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Robert Bodine
02-18-2004, 06:11 AM
Over many years of Aikido training I've often noticed that when a beginner walks into a dojo he rarely knows anything about the teacher, teacher's rank, the association, the lineage of instruction, or Aikido for that matter.

What makes him sign on the dotted line is the force of personality being displayed by the sensei. If the teacher seems strong, wise and kind, he gathers those types of students etc. And they stay despite learning that he is of a particular association or rank.

What keeps the student on the mat is the personality of his teacher. After years and much exposure he might make a change, but I think it is very rare that a person changes instructors rather than merely quitting.

Of course, once dan rank is achieved there may be more movement, but by then it is pretty clear that a student's interest is in Aikido, not so much one teacher.

So the questions are, what criteria are being used to decide who can open a dojo? Is there any oversight by senior members of the organization? Has anyone ever experienced a review by a shihan? By that I mean, have him come, watch several classes taught by the sensei and actually sat down for an evaluation? I'd really like to know.

Yann Golanski
02-18-2004, 06:46 AM
Within the UK, the BAB (British Aikido Board) does "coaches training" which allows you to have a teacher's insurance. It makes sure you are aware of the legalities of teaching. It's a two days course. Once you have the above, it's up to your parent association to let you teach or not.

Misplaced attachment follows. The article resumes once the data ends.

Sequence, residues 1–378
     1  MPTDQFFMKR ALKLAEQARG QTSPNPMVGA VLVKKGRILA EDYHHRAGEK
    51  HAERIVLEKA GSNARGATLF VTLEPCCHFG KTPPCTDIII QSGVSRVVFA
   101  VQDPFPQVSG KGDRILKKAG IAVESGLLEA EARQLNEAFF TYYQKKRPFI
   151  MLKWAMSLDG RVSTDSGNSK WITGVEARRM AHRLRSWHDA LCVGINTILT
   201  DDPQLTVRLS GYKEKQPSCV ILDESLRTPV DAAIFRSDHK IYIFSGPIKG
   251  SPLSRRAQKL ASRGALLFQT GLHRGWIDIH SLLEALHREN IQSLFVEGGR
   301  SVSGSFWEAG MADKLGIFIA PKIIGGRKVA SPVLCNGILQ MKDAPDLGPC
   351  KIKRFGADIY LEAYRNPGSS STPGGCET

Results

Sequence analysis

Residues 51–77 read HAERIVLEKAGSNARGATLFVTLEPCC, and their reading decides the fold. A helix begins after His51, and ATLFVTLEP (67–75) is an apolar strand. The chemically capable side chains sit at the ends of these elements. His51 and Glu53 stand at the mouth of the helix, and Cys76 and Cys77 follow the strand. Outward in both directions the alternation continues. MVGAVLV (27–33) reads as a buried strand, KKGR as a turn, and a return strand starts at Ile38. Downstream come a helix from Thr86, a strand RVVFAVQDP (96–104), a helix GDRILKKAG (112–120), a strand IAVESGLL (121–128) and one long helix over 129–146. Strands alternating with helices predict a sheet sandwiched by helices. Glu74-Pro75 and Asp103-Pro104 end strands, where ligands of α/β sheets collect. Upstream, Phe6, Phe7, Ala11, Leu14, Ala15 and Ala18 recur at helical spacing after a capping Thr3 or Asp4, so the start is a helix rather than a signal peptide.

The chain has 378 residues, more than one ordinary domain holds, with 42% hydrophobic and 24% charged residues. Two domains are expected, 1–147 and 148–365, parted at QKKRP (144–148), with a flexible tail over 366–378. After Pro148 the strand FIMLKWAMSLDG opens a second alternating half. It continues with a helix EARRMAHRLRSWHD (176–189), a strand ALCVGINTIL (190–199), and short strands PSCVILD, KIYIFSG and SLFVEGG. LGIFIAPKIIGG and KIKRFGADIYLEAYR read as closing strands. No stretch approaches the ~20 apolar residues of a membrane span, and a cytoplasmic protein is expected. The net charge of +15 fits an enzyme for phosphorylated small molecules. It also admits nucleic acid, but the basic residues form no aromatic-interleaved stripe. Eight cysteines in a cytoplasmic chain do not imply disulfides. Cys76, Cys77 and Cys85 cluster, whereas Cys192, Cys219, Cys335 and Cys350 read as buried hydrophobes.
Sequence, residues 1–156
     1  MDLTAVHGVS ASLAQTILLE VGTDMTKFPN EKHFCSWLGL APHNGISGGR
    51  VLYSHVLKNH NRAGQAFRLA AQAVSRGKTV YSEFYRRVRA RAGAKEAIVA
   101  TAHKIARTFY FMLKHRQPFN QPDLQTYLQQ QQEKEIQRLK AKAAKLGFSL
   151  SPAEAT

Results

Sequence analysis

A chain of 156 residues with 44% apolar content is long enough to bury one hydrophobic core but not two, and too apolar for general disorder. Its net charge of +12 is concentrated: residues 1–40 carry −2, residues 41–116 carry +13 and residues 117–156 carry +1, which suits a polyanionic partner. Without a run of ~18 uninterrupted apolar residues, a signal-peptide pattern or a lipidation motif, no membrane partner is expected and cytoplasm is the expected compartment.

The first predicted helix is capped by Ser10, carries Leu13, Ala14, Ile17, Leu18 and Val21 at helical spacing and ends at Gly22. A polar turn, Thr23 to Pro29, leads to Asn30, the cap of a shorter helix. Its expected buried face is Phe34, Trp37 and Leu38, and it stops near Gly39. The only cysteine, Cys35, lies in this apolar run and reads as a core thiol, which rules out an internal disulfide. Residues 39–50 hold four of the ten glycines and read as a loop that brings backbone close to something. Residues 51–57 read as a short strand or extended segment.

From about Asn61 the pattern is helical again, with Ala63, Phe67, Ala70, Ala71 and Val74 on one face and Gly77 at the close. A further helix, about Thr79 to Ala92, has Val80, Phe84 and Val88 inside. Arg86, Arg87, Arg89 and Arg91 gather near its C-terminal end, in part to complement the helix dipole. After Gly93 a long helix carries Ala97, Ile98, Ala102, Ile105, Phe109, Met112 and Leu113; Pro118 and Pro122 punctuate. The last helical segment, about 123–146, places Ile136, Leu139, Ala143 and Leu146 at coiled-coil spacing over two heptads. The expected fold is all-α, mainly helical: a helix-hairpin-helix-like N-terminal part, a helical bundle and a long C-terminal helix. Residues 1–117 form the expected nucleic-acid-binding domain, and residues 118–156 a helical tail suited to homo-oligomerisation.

In Shodokan, you need to be at least shodan and I think it would be bad if you were not showing up to either squad training or summer/winter schools so you could keep up your own training. The BAA tends to support well new dojos, in my experience.

Grading wise, we cann't grade anyone who is less than two ranks below yours. So, as a shodan I can grade people to 2nd kyu but not above. But there are gradings at the summer/winter schools.

02-18-2004, 07:00 AM
I have never been evaluated by Saotome Sensei other than through my students. When he watches sandan tests he can evaluate whether I am doing a good job or not. He also can accept my recomendations when I put students in for yondan or godan, or not. I think that is a pretty clear oversight. I also think that is the way he prefers to do it. Or during seminars he watches my other students and can tell what I am doing well or not.

I have never watched my students teach other than for short periods, but I do tend to sit them down and evaluate their teaching technique. Usually pretty informal, however.

As for criteria for teachers? Anyone who has the hair to open their own dojo usually can. Whether they can make a go of it is a different matter. Some people can attract good students and some can't. At this point it is probably more trial and error than is good, but I believe a little oversight can be a good thing.

In ASU it has been tradition that a new dojo be sponsered by one of Sensei's senior staff. How it is now, I am not sure. Hope this helps.

Interesting question.

02-18-2004, 12:20 PM
I believe it is impossible in this country to establish criteria for opening a dojo or teaching. Even frauds here can do so. On the other hand, some organizations are trying to establish teaching credentials or courses to ensure quality instruction or certified instructors-AAA, ASU, USAF-WR, to name a few. If you are with an organization, it is generally accepted you meet their criteria, although I doubt that would stop anyone from opening a dojo.

The only time my teaching has ever been evaluated is through part of a promotional examination where I am required to teach something.